The prevalence of “superteams” in the NBA is not exactly a new concept.
If you were to peek at the top, contending teams in the professional basketball league from decade to decade, you would see a common theme and the same handful of teams. This is not exactly another groundbreaking idea, but good teams often compete at a high level for a stretch of years. Dynasties like the Michael Jordan Chicago Bulls, Magic Johnson and Kareem Abdul-Jabbar Los Angeles Lakers, and Bill Russell Boston Celtics won multiple titles in a short span of time. Are they considered superteams?
The main point of differentiation between those superteams and today’s can be traced back to—who else—LeBron James, however.
While the aforementioned superteams and even lesser entities like the 1990’s Houston Rockets and Utah Jazz were wildly success for a solid chunk of a decade, what separates that era from what has been ushered in by James is a freedom of movement and key free-agency decisions from top players that was not the norm from more than a decade ago. We have never seen multiple players banding together for key decisions.
It’s accurate to describe stars leaving their original teams for new pastures—denying that would be incredibly laughable—but it is not fair to characterize any era of the NBA aside from the 2010’s as one where “stars” either existed and eclipsed stars of other professional leagues (or even the amateur level, which dominated the U.S. until the 1970’s) or predicated contention like they do now.
In other words, the dawn of the “big three” or “big more” era, wrought by LeBron James’ “deciding” on the Miami Heat, was not the case for much of the history of the NBA. That’s not to say that superteams did not exist, as already mentioned in dynasty form, but often those teams were assembled from a top-down approach—a general manager and front office put together the pieces through trial and error versus what can be described today as natural stirrings in the NBA due to earthquake free-agency signings.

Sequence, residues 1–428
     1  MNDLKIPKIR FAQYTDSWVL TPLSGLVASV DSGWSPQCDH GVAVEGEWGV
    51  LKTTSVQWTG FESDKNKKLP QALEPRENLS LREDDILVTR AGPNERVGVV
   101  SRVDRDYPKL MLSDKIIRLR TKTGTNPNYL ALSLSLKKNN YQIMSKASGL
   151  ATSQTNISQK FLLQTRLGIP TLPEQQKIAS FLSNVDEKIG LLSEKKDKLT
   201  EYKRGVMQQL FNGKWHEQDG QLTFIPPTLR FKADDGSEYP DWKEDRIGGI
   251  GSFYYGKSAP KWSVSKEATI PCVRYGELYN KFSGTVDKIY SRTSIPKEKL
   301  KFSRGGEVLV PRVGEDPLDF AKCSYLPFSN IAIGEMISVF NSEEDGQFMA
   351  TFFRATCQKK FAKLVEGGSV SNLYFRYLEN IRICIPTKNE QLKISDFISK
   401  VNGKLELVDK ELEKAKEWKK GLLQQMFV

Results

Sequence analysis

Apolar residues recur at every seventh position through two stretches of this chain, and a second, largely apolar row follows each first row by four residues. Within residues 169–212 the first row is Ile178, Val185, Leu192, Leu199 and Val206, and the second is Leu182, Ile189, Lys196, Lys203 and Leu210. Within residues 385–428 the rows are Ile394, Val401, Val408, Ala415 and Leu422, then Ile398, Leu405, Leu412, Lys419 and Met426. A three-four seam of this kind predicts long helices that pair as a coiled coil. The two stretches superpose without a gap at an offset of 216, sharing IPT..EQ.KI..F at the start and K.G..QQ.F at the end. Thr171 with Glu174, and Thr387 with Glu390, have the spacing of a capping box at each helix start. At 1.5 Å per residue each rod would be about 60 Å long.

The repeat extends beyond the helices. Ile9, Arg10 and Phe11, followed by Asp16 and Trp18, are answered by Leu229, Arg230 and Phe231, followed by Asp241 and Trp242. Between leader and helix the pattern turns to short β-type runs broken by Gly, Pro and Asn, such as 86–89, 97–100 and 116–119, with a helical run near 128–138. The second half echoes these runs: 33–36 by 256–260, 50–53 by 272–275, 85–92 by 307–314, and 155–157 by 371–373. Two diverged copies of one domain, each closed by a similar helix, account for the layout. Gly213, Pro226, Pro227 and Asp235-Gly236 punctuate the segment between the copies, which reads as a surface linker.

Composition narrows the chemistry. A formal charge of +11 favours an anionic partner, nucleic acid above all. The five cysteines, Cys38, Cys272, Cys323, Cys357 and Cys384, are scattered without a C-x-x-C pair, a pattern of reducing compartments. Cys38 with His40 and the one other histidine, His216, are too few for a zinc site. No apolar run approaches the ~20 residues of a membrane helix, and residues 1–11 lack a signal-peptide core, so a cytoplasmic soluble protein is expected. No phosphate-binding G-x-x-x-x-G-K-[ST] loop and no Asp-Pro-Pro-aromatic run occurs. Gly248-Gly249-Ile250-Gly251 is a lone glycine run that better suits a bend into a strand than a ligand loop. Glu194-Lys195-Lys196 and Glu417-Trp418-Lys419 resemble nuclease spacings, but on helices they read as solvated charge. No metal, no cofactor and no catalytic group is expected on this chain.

The proto–Big Three Heat were the Boston Celtics. Doc Rivers’ team went from 24 wins in 2006-07 to 66 wins and a championship the next season. That can be attributed to All-Stars Kevin Garnett and Ray Allen arriving on the team; however, both joined Paul Pierce and a young point-guard savant in Rajon Rondo via trades. The trades engineered by Danny Ainge were means of a single team envisioning contention via stars. That’s not that the same as stars deciding for which team they want to contend.
Take Kawhi Leonard’s free agency. The two-time Finals MVP came off an improbable championship victory, with a little help from injuries bestowed upon Kevin Durant and Klay Thompson, and he took his future into his own hands. After conferring with fellow All-Star forward Paul George, Kawhi himself engineered what would be the summer’s coup in the Los Angeles Clippers trading for the Oklahoma City Thunder player and signing Kawhi. One could not happen without the other. And while we have no regular season record or playoff tracker to measure if this move will pay off, clearly Leonard and George choosing to play for L.A. is a decision to form a superteam. Neither were drafted by the Clippers; they followed the LeBron model to “team up.”
James went to South Beach not for one singular season. There was Dwyane Wade. There was Chris Bosh. The three free agents made a pact to play for the Heat because they wanted to win and play with top talent. Under that definition of superteam, LeBron James is a pioneer in the concept.
The contemporary superteam also has a shorter life span, however. LeBron James and the Heat ran for four glorious seasons, reaching four consecutive Finals series, and winning two. That was success. The Golden State Warriors are coming off their fifth consecutive Finals with a core made up of players mostly drafted by the franchise—Stephen Curry, Thompson, and Draymond Green. Do the Warriors bucks the modern superteam? Yes and no. You cannot determine the mere existence of a superteam through just one title. If the Warriors extended their residency atop the Western Conference with the mentioned core plus Harrison Barnes, then that is a convincing case for the exception of the rule. However, Durant arriving in the Bay Area represents the James model of All-Stars choosing their own path towards competitiveness.
Dynasties and good teams lasting awhile, again, are not new concepts to reach the NBA. Nevertheless, players forming clubs, Banana Boats even, and carrying “all the cards” during the annual free agency frenzy is a force unseen at the current magnitude. Durant left the Warriors this summer to play with former USA Basketball gold-medalist teammates in Kyrie Irving and DeAndre Jordan. The new faces of the Brooklyn Nets could be the next dynasty, or maybe a failed coup like the Steven Nash–Dwight Howard–Kobe Bryant Lakers project.
Whether you like it or not, players’ agency in the NBA will be a defining characteristic of team-building, or rather team-bending to produce dynasty aspirations. LeBron James aided in helping to make it so.